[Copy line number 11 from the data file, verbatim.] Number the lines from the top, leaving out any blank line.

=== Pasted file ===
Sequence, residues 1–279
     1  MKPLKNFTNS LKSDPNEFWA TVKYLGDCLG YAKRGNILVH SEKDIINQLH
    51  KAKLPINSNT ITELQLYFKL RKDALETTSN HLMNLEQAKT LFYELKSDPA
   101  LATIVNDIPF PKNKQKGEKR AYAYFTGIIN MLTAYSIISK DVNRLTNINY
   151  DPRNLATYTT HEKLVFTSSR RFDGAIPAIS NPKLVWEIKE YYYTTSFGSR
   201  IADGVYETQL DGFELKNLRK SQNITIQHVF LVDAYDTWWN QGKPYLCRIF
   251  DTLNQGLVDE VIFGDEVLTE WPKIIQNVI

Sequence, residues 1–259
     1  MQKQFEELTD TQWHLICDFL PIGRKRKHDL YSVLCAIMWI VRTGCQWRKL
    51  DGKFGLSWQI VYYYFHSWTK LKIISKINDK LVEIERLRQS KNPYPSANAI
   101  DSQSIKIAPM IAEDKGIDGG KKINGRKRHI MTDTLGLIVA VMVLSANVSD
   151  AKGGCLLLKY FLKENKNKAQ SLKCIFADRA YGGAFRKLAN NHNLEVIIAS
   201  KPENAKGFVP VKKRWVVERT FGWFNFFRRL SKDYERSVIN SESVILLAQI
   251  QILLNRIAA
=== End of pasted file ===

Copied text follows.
   101  DSQSIKIAPM IAEDKGIDGG KKINGRKRHI MTDTLGLIVA VMVLSANVSD